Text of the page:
I tried an infrared sauna treatment that Gwyneth Paltrow and Lady Gaga have used

Writer stood outside of infrared sauna. (Yahoo Life UK)
Are infrared saunas really the wellness treatment to try? (Yahoo Life UK)

Gone are the days when a traditional sauna and steam was the ultimate thing to do for your wellness. Now, influenced by a growing community of biohackers and celebs who want treatments that offer more – trying things from cryotherapy to neuroscience-based devices – it's the infrared sauna that's all the rage.

I'd previously only ever used a standard sauna in a room packed full of people at my local gym that, admittedly, always left me questioning whether I would be more unwell after using it than before. So I was pretty excited when I got to try out the raged about infrared – also in my own space and less concerned about germs.

But is it really worth the hype? After being talked through how to use the light controls and TV system and helping myself to a glass (or three) of water to prevent dehydration, I stepped inside and took my seat in the wooden sauna room at REMEDI London, sweat towel perched next to me at the ready...

🧘Health hack reviewed: Infrared sauna

⭐Celebs who've tried it: Gwyneth Paltrow, Lady Gaga, Jennifer Aniston

⏰ Time of treatment: 60 mins

💸Price: £50

✅Pros experienced: Slightly relaxed muscles

❌Cons experienced: No sweating, couldn't 'feel' the treatment

📝Rating: 2/5

Infrared sauna. (Yahoo Life UK)
Many infrared saunas come complete with light, sound and TV systems. (Yahoo Life UK)

Instead of heating the air around you like a normal sauna, infrared saunas use heaters to emit infrared light, heating your body directly. This supposedly penetrates more deeply than warmed air would, and is why the temperatures of infrared saunas are typically lower.

The infrared sauna at REMEDI uses an acoustic resonance therapy system to combine healing sounds with gentle vibrations and induce 'deeper relaxation and stress management', with the treatment also promising to improve the cardiovascular system, detoxify cells and boost immunity, anti-ageing, muscle recovery and weight loss (it's supposed to stimulate a sluggish metabolism and improve fat burn).

Infrared sauna. (Yahoo Life UK)
Thinking of trying an infrared sauna? (Yahoo Life UK)

With some time to kill, I found myself lured in to making use of the small device installed in the wall, complete with surround sound speakers, and chose to put on the Netflix show Hack your Health: The Secrets of your Gut (aptly sticking with the wellness theme). If you don’t want the screens, you could read a book (though not sure how paper fares in infrared), meditate or just let your mind wander. To make the most of the sensory experience, I also turned the strobe on to changing colours, though you can stick with just the one.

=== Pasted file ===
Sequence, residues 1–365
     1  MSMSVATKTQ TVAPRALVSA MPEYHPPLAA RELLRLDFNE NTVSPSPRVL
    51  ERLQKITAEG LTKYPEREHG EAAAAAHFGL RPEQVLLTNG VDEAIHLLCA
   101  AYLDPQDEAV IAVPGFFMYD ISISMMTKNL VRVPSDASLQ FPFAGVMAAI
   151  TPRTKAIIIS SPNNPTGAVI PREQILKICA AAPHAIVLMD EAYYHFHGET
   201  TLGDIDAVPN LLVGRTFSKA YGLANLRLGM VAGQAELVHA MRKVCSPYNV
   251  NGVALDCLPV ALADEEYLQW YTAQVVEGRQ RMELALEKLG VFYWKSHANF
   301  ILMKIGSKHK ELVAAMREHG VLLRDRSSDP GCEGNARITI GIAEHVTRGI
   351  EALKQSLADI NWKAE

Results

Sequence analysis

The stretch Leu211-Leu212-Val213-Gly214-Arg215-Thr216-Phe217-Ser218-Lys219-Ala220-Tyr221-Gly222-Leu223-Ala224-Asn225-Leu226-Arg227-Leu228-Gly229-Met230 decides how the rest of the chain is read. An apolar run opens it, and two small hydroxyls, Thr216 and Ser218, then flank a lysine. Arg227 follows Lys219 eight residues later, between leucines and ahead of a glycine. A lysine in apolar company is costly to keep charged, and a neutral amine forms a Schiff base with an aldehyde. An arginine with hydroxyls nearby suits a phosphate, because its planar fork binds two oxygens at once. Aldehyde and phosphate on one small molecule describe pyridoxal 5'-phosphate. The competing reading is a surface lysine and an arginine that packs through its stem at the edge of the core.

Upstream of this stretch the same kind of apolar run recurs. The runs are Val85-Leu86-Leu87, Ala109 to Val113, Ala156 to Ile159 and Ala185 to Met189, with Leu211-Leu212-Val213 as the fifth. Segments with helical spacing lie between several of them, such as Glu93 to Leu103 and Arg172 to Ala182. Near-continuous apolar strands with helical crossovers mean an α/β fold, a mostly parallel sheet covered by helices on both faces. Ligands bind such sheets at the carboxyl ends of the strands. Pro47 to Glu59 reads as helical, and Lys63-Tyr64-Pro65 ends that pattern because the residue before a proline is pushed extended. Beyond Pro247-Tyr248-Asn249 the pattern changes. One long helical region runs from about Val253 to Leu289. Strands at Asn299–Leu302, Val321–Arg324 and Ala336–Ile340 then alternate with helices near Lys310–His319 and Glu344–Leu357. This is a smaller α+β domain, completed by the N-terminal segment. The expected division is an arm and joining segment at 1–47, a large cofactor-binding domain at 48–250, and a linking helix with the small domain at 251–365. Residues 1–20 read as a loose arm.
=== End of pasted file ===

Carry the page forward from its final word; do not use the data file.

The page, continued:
I have to admit, about a quarter a way through I didn’t notice anything 'happening'. It was warm but I wasn’t really feeling hot, and definitely wasn’t sweating. This even prompted me to look around and step outside the sauna to ensure the thing was definitely on. Not seeing any obvious problems, I returned to my seat, remembering it might just take a little longer due to the different way infrared saunas work.

I concentrated on the show for a while longer and tried to enjoy not having to do anything for a while, in my own little safe space. But as time went on, I still wasn’t sweating. While I know this isn’t meant to happen as fast, I had expected it to happen eventually – as the towel next to me also indicated. But for whatever reason, it didn’t for me, which I found a little disappointing as I enjoy the sensation of sweating. While it may still have been doing it's thing inside of me, I personally prefer to 'feel' a treatment.

My muscles did seem more relaxed after and I was more sleepy, though this was subtle.

Infrared sauna green lights. (Getty Images)
Infrared saunas heat your body directly, not the air around you. (Yahoo Life UK)
  • Multimedia/lights to enjoy (though the availability of Netflix could also be seen as a con)

  • Slightly relaxed muscles

  • No sweating (to acknowledge, I did more like 45 mins in the sauna room due to being short on time, but it seems unlikely this would have started rapidly in the last 15)

  • Couldn't 'feel' anything happening

I'm not sure I would, no. Not because I had an awful experience, but, while I'm aware this won't always mean it's better, I'm guilty of wanting a treatment to make me feel like it's working (and keep me in the present moment).

This review is based on personal experience and is not a substitute for professional medical or health advice.

Read more: I tried cryotherapy to see if freezing myself at -85 degrees C is worth the hype (Yahoo Life UK, 5-min read)